Most warehouse managers report that their biggest problem is that they do not have enough space. Yet, many warehouses operate with just 20 percent of their space being used at any time. Furthermore, some warehouses that have higher utilization rates end up with higher costs due to the negative impacts of high utilization on employee productivity.
Calculating utilization is a relatively simple process which starts with calculating the size of your warehouse. Measure the total floor area of the warehouse, then subtract out any space that is occupied with offices, restrooms or other non-storage related space. For example, if you have a 300 foot wide and 200 foot long warehouse with 5,000 square feet of office space, you effectively have a 55,000 usable square foot warehouse. Multiply that number by the building's clear height to find its storage capacity in cubic feet. If this building had a 27 foot clear height, its storage capacity, or cube size, would be 1,485,000 cubic feet.
To find your utilization, you need to calculate your inventory cube size. To do this, add up the volume of all of the products that you store in your warehouse, and divide that sum by the building's storage capacity. If you have 225,000 cubic feet of product in your 1,485,000 cubic foot warehouse, you have 15.15 percent utilization, which is relatively healthy.
To understand why 15 percent utilization is actually not that bad, take a step backwards and calculate the size of the storage cube in your warehouse. To calculate this, measure the footprints of each of your pallet racks and measure their total vertical storage capacity. Once you have calculated the true capacity of each rack, multiply it by the number of racks in your warehouse to find the size of the storage cube. Most warehouse storage cubes are between 22 and 27 percent of their storage capacities. With a 1,485,000 cubic foot warehouse, a storage cube of 326,700 and 400,950 square feet would be normal.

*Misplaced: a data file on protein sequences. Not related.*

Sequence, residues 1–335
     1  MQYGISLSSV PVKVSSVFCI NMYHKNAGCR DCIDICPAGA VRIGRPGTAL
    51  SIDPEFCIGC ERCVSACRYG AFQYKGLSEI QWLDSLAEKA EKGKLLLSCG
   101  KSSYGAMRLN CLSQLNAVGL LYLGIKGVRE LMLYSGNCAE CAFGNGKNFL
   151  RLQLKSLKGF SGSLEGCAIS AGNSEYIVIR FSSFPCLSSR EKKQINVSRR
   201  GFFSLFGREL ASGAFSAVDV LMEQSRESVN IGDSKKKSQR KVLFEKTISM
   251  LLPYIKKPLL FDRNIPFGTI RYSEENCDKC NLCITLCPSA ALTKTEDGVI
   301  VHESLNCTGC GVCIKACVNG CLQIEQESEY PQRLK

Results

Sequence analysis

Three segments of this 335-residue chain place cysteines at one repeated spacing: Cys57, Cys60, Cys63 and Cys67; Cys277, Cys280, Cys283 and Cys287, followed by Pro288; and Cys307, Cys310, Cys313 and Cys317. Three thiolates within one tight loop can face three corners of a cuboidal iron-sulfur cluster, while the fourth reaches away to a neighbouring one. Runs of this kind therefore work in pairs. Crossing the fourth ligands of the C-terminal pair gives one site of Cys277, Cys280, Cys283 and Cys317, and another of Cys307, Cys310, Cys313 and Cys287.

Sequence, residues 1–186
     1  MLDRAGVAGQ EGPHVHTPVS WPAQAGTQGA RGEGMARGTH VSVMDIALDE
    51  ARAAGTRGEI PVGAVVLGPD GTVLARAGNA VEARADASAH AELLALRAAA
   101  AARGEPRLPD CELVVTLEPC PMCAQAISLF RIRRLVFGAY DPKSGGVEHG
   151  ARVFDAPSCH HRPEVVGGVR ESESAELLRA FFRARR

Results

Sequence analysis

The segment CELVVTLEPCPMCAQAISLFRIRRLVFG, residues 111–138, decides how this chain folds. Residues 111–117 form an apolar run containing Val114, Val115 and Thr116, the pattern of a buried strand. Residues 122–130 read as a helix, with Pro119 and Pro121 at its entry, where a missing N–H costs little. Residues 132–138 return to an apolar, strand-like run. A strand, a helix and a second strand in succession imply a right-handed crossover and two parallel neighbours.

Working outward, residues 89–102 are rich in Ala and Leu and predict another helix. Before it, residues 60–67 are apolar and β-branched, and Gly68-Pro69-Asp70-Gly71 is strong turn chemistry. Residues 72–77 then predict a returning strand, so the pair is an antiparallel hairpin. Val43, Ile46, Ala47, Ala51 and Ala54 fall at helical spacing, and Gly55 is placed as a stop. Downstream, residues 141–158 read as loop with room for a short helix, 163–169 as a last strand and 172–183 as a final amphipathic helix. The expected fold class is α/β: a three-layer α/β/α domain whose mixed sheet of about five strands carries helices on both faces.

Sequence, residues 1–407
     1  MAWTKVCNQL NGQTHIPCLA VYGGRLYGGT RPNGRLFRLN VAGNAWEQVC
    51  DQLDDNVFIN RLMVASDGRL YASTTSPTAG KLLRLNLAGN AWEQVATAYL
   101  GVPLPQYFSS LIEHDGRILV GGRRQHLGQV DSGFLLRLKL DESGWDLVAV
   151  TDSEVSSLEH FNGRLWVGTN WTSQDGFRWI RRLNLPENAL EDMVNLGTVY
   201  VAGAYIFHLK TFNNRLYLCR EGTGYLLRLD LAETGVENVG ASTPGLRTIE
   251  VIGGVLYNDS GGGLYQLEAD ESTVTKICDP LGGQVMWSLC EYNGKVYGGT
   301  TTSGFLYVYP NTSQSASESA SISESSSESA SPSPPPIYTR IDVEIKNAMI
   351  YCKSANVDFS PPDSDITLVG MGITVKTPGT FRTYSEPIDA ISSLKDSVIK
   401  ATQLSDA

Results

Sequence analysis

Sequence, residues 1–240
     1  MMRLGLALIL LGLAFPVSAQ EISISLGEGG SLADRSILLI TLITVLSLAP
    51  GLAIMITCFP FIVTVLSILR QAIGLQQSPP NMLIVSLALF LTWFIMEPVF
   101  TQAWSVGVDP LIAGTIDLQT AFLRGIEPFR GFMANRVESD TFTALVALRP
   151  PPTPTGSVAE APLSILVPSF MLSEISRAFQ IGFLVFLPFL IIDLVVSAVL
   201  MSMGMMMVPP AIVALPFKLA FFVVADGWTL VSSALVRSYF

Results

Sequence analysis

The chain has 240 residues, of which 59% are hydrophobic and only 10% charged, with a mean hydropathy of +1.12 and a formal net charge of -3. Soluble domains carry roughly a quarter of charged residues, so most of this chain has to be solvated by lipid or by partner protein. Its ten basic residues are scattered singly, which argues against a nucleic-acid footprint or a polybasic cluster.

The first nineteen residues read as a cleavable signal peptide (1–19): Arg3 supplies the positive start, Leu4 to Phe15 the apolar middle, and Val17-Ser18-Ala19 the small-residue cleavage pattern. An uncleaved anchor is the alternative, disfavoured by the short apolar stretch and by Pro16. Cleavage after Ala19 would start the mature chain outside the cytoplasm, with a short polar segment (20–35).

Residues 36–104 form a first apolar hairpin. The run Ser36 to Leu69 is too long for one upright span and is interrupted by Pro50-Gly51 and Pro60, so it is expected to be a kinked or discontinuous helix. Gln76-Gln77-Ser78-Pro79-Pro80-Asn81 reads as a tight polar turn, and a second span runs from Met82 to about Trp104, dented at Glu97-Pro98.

In most cases, storage cube sizes outside of the 22 to 27 percent range indicate a problem in your warehouse's design. If the storage cube size is smaller, you might be wasting space by not locating racks as efficiently as possible. If your storage cube size is larger, you run the risk of inflated labor costs due to your employees not having enough room to efficiently move around the warehouse for picking and restocking.
Comparing your inventory cube to your warehouse's cube size gives a low number that reflects both on your utilization of your space and on the choices you made in designing your warehouse. Once you have optimized your warehouse design, calculating the utilization of your storage cube by dividing it into the inventory cube can give you a more exact indication of your efficiency. Taking the midpoint of the above example and assuming that the warehouse has a 363,825 storage cube, storing 225,000 cubic feet of product would 61.84 percent utilization of the available storage space.
When you evaluate your warehouse, choose your metrics based on what you are trying to accomplish. Comparing inventory to building size is a popular utilization metric, but does not always help you understand what is going on in your building. The two-step model outlined here helps you understand how your warehouse's overall design interfaces with how your employees use it on a day-to-day basis.
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